Something understood?

I’ll ask Daddy…. he knows everything”  Ego boost to the four-year-old’s male parent. 

I on the other hand may have indoctrinated him too well;

Mummy, someone’s dropped a sweet paper on the pavement… the police should come and put them in prison”  I wonder if he’s too young to open a discussion on the pluses and minuses of a totalitarian state. 

Me ‘n the Scouts are currently working on a plan for a joint project with the little rural school in Luis Sauce, the hamlet where I go several times a week to extract my young disabled friend.  The school is tiny in both fabric and membership (23 at present) and looks like it hasn’t had a great deal of maintenance within living memory.  The director says that’s because it isn’t widely seen and since all civil service appointments are political, all the money goes to those buildings which are visible by the public in order to maximise photo-opportunities and press coverage, so a hut in a field a long way from anywhere isn’t likely to become anyone’s priority anytime soon.  Hence, the idea is that we hold a Scout camp in the grounds, and the older kids will make themselves useful painting and fixing things, particularly the play equipment, while the younger kids (cub section) will share joint activities, games and the like with the pupils from the school.  At the moment we are holding our breath as the inspector for rural schools has to give permission.  There doesn’t seem to be great rhyme or reason why permission may or may not be granted, and there are apparently no official policies, so we await the whim of the dear inspector.  The current post-holder is rumoured to be particularly conservative when it comes to vetoing school trips and the like, so I’m hoping they’ve had a good day and drunk at least a glass of wine before they get round to reading our project proposal.  I really hope we get the go ahead, but I’m also happy we’ve even reached this point.  Working in partnership, love for ones neighbour, and looking out for folk who society doesn’t particularly notice are all things we’ve tried to model in the last nearly seven years since we’ve been here, and if we’re honest we’ve barely made any inroads into convincing the church that these ideas have any relevance to the gospel they’re preaching, so it’s an encouraging breath of fresh air for me to see the Scouts; kids and leaders alike, rolling their sleeves up and keen to run with a ball I’ve tossed them.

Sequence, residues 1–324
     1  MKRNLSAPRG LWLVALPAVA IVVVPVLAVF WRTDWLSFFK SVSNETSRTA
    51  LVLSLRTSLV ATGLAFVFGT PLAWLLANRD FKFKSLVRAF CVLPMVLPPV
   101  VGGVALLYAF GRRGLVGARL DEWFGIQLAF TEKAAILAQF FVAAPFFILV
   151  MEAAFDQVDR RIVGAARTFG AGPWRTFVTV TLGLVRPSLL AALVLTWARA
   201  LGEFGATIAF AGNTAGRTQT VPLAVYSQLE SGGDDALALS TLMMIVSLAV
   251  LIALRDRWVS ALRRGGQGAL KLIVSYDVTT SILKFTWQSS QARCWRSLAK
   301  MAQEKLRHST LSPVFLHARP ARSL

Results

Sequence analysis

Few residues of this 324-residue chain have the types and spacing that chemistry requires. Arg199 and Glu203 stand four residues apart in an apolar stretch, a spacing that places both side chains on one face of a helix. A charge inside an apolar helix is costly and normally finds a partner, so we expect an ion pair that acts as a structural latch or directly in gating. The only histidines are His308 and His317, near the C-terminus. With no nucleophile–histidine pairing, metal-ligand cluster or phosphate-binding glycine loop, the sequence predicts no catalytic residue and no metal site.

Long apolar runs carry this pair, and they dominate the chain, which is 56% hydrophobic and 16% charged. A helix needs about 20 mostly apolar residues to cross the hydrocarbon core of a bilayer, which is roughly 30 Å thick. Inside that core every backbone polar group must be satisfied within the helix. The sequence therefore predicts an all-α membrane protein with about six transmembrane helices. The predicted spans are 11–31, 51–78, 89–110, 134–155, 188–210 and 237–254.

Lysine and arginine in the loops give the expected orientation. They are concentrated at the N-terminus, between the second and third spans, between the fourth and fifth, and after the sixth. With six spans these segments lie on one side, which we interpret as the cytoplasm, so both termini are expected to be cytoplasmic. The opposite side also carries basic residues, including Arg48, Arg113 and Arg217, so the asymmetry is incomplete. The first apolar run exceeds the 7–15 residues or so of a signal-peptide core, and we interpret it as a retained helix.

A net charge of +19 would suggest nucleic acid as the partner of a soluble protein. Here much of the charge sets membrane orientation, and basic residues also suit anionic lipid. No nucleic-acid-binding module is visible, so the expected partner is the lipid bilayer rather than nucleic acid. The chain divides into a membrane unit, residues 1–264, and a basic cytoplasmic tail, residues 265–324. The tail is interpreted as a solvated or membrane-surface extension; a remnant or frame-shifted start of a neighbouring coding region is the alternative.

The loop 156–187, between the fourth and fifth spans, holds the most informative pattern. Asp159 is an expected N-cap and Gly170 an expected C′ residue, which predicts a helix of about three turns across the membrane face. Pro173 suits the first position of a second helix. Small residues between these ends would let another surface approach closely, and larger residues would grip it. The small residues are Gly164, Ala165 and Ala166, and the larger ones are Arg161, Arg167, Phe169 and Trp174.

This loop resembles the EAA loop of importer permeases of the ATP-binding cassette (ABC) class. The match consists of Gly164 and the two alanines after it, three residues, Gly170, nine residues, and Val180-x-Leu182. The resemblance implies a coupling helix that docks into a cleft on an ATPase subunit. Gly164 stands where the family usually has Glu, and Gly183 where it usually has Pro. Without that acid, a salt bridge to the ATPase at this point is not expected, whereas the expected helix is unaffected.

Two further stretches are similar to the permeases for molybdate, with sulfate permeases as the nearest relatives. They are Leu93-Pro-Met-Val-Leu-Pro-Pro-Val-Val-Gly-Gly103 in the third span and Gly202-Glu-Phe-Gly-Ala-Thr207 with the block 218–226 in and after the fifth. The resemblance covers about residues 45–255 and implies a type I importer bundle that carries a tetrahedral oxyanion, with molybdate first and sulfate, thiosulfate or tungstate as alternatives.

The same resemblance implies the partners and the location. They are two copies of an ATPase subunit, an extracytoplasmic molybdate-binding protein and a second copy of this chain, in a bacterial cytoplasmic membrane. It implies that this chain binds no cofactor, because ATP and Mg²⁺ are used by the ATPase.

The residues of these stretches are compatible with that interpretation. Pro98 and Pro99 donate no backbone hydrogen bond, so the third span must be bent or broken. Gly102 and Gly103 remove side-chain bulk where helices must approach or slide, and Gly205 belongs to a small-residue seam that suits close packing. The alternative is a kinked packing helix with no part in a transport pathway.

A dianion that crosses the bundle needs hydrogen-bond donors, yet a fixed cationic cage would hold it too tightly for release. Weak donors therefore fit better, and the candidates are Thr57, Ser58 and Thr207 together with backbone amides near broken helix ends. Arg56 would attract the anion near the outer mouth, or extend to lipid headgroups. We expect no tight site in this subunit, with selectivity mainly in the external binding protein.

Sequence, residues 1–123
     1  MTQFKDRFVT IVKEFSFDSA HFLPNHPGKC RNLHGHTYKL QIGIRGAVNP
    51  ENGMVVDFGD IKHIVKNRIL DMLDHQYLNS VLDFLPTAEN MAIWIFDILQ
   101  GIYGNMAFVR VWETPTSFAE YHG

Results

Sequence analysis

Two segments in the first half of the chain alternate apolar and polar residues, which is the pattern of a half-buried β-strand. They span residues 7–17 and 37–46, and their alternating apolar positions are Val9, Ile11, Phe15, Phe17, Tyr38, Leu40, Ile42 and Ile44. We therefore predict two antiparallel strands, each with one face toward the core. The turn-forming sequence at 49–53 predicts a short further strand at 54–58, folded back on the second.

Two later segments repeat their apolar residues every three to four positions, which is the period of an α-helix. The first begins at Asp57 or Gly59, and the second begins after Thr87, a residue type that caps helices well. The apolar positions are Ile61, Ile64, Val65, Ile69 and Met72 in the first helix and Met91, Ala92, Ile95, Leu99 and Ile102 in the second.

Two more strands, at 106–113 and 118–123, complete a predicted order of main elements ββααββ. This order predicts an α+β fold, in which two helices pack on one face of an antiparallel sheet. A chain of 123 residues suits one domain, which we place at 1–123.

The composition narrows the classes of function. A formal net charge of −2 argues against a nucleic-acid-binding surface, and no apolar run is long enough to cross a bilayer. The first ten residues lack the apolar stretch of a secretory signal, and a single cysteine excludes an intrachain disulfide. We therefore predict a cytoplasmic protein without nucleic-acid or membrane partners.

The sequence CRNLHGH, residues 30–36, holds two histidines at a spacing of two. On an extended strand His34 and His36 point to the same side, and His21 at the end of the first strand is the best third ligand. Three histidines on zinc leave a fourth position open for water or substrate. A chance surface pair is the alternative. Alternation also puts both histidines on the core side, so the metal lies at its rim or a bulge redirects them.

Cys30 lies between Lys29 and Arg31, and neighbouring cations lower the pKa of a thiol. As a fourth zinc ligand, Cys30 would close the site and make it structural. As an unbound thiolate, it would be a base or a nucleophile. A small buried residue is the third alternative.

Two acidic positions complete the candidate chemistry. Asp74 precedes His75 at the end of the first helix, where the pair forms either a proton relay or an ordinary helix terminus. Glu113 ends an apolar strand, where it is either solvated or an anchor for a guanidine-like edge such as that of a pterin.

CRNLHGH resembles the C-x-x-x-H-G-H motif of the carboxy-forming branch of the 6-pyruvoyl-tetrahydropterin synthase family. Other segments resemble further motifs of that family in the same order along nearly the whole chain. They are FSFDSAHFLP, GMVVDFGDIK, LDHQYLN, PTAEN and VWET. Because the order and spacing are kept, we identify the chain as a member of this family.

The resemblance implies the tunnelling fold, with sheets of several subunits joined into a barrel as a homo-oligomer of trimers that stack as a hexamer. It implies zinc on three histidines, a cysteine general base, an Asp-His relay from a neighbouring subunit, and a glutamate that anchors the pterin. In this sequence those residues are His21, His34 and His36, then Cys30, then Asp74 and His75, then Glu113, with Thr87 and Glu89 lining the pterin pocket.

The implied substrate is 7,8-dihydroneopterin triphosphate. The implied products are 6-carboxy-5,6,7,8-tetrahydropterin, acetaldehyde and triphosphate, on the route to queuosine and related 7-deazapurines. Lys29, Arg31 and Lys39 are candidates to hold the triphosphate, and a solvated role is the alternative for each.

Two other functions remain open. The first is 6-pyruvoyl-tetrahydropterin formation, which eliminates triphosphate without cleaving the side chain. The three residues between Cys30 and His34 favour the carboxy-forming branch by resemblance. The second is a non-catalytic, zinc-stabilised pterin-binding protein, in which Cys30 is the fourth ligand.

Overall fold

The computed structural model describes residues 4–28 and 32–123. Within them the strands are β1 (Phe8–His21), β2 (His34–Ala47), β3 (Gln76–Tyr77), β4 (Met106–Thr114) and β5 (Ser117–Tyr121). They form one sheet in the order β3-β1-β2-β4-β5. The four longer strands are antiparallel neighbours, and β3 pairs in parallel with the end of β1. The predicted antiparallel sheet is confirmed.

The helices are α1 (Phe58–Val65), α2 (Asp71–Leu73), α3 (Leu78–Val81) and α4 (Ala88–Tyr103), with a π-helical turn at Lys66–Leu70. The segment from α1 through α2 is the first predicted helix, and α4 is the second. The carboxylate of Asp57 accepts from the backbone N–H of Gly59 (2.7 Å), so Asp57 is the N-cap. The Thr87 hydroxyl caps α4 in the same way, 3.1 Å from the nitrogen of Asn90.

And, something I have yet to understand… Having been initiated into the over-40’s club on my birthday last year, there’s a running joke in Argentina that all women over the age of forty are blonde, which is of course because just about all of them dye their hair.  I have no idea why they go for blonde, frankly it looks pretty silly when they could go for something that far better showcases their dark skin and dark eyes.  In fact even then I’m still searching for a any reason as to why that would be a good idea.  I’m guessing it’s about looking younger.  But why do they want to look younger?  Most of the young people I know are charming and wonderful, but lacking the sort of common sense that only years of life experience can bring.  So why would I want to disguise myself as someone who has even less common sense than I do?  (although it is a moot point; who has the least common sense?  the genuinely young and inexperienced, or those who try to emulate them?)  Needless to say I shall grow old with neither grace nor shame, granting myself the freedom to gobble up samples in shops and run my stick along railings to make up for the sobriety of my youth.  I may even start to wear purple. 

Leave a Reply